8 8 Public-Private Investment Partnerships for Health: An Atlas of Innovation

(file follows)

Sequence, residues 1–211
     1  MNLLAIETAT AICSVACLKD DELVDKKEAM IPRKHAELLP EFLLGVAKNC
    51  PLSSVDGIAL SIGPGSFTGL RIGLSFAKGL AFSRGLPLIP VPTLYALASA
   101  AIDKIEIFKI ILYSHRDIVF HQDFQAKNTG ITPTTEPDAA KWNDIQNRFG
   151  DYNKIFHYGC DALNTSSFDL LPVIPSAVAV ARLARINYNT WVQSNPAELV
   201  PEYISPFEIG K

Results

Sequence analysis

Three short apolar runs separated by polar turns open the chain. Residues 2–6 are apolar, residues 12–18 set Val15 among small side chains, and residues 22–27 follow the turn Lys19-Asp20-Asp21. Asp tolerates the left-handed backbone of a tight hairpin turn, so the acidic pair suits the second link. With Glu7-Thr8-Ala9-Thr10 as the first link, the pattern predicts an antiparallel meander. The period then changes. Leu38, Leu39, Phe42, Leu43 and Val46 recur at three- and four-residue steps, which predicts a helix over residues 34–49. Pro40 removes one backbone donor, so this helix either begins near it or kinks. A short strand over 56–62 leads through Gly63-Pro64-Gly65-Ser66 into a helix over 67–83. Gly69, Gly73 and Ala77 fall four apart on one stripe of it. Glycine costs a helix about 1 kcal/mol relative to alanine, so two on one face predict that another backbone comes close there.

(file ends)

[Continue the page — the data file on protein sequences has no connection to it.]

9 INTRODUCTION Background Government-run health systems across the developing world are in disrepair, with poor quality services provided in dilapidated facilities. For example, a typical district hospital is rundown, lacking reliable water, sanitation or electricity, with absent or broken equipment, inadequate supply chains for essential commodities, chronic staff shortages, low service quality, overcrowding and poor clinical outcomes. Such secondary hospitals, and the rest of the health system of which they form a part, suffer from poor management and a lack of sustainable and suf cient nancing. Similarly, but less starkly, government-owned and -run healthcare systems in rich countries frequently face challenges of insuf cient capital investment, low ef ciency, poor patient satisfaction and disappointing clinical outcomes. In both wealthy and poor countries, the skills required to deliver high quality health services ef ciently do exist, but are often concentrated in the private sector and underutilized by governments. Historically, some governments have been wary of working with the private sector in healthcare, partly because of general distrust between the private and public sectors, and partly because of an inherited aspiration to create a public monopoly healthcare system, resembling the United Kingdom s National Health Service as originally conceived and established. Through time, a recognition of the challenges faced by public health services and the positive experience of PPPs in other sectors, have caused an increasing number of governments to look to the private sector for long-term partnerships to improve healthcare infrastructure and the delivery of healthcare services. In so doing, governments are recognizing the nancial, managerial and technical competencies that the private sector can bring and are seeking to harness the strengths of the private sector in the achievement of long-term public policy goals. Many varieties of PPPs in the health sector have arisen as a result of this trend. This document deals with one particular model: PPIPs. PPIPs are a novel way for resource-constrained governments in both rich and poor countries to use the strengths of the private sector to simultaneously improve health infrastructure and healthcare service provision, while creating a platform for addressing other systemwide inef- ciencies. The PPIP model transfers substantial nancial and operational risk to a private entity which is contractually obliged to deliver a complete bundle of services, spanning construction, maintenance, clinical care, prevention and supplementary services such as pathology, procurement and even training. The rst-ever conference on PPIPs was organized at Wilton Park in April 2008 by the Global Health Group (GHG) at the University of California, San Francisco and The Healthcare Redesign Group. The report of this conference can be found at pdf/ / /wp909-report. At this conference, participants requested the GHG to provide a comprehensive compendium or atlas of existing PPIPs and PPIPs under development. This rst-ever PPIP Atlas is the result. In the main section of the report, we describe 12 PPIPs in seven countries, using a standardized format to document these programs. In the Non-Core Public- Private Investment Partnerships section, we document a further seven programs in seven countries which are PPIPlike, as they do not meet all of the criteria for the most ambitious and fully-bundled PPIPs. We hope and intend that this comprehensive documentation will be a resource and stimulus to leaders in both the public and private sectors working to improve the quality, ef ciency and availability of healthcare services. The GHG is an action tank dedicated to identifying, elaborating and translating innovative solutions to major global health challenges into large-scale action to advance health and save lives in low- and middle-income countries. As part of its work on engaging the private sector to strengthen health systems, the GHG serves as a clearinghouse for information on PPIPs worldwide. The GHG studies PPIPs to identify promising practices that might inform governments embarking on PPIPs, and shares lessons learned through print and web-based publications and structured South-South learning exchanges. For more information on the GHG and its PPIP activities, please visit: 9 Public-Private Investment Partnerships for Health: An Atlas of Innovation